Narcissists are well-known for their self-centered, manipulative behavior, which can negatively affect their job performance, relationships, and — according to recent research — even their driving habits.
Aggressive driving accounts for more than half of traffic accidents in the US. Researchers from Ohio State University and the University of Luxembourg wanted to learn more about the link between narcissism and hazardous driving. Prior studies were limited because they only focused on college students. These researchers looked at a broader population: those aged 18-86.
What is narcissism?
Clinical narcissism manifests as delusions of grandeur, a need for affirmation, and a lack of empathy. People with subclinical narcissism exhibit some degree of selfishness, feelings of entitlement and superiority, and inflated self-views.
Does narcissism pose driving hazards?
Researchers from the two universities conducted three studies to investigate the connection between narcissism and aggressive driving among those with subclinical narcissism. In the first two studies, participants answered a series of questions from the Narcissistic Personality Inventory. On a scale of 1-5, they rated how strongly they agreed with statements about their self-esteem and desire for attention and affirmation. Next, they responded similarly to statements about aggressive driving.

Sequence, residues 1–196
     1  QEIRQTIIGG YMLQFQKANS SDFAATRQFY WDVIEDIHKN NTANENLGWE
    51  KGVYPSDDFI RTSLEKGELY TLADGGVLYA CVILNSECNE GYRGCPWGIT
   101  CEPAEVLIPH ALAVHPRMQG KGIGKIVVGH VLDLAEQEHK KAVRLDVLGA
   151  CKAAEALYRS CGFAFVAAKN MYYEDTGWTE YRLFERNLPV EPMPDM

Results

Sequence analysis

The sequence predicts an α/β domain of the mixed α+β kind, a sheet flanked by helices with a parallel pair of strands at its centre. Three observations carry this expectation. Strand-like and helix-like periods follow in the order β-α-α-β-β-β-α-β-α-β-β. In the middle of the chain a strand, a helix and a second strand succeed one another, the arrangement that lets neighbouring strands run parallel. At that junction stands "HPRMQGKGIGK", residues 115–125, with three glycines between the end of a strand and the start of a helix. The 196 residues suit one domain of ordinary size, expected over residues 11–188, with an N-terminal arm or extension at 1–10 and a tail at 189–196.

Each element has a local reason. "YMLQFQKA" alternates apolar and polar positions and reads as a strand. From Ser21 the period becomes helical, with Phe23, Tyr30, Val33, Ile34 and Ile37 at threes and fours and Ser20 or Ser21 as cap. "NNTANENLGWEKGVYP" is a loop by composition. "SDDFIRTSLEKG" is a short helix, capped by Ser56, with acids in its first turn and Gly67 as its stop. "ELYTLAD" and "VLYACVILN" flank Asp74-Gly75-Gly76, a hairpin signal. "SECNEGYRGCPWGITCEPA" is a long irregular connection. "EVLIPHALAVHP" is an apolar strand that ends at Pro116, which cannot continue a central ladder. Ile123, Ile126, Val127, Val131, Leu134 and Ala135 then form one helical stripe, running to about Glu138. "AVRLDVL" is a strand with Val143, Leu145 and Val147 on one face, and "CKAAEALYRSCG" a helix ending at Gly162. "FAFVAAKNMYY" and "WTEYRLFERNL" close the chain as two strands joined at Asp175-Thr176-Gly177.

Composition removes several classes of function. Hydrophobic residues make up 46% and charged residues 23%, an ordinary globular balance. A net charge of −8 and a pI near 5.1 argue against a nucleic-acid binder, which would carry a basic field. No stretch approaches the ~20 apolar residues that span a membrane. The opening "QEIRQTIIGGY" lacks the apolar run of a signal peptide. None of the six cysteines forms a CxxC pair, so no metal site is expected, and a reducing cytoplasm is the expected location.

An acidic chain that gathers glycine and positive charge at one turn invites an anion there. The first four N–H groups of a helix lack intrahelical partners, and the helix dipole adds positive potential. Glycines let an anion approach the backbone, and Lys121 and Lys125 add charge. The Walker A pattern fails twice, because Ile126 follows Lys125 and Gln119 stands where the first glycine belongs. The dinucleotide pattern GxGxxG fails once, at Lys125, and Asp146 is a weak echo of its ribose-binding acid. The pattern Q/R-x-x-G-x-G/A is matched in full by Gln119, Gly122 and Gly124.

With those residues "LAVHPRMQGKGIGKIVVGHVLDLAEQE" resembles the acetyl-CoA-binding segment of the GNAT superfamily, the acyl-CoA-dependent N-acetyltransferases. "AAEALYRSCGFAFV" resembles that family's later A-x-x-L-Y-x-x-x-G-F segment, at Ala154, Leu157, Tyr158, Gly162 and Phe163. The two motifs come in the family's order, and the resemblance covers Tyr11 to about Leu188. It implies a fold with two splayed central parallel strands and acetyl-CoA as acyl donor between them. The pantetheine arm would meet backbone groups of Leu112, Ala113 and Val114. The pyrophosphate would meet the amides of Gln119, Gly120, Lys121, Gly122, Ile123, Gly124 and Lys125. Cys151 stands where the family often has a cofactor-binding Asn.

The third study placed test subjects in a simulated driving exercise, in which they shared “roadways” with other vehicles that they thought were controlled by fellow participants. Drivers encountered several scenarios that could lead to road rage, such as cars suddenly pulling out in front of them, construction zones with lanes closed, and long red lights followed by unbelievably brief green lights.
The researchers observed that those who scored high in narcissism also engaged in risky or aggressive maneuvers such as tailgating, speeding, off-road driving, horn-honking, driving on the shoulder, and even crossing the center line into oncoming traffic. Hostile drivers also displayed what the study authors rather euphemistically called “verbal aggression” and “aggressive gestures.” Three of the highly-narcissistic drivers even collided with other vehicles.
The link between narcissism and aggression
In explaining the link between narcissism and aggressive driving, the researchers concluded that highly self-absorbed people tend to think of their own time as valuable, but have little regard for anyone else’s. Believing they deserve special treatment, they respond in anger when they don’t get their way. Future studies will investigate the relationship between self-esteem and narcissism, as narcissists with high self-esteem are thought to exhibit less aggression than their low self-esteem counterparts.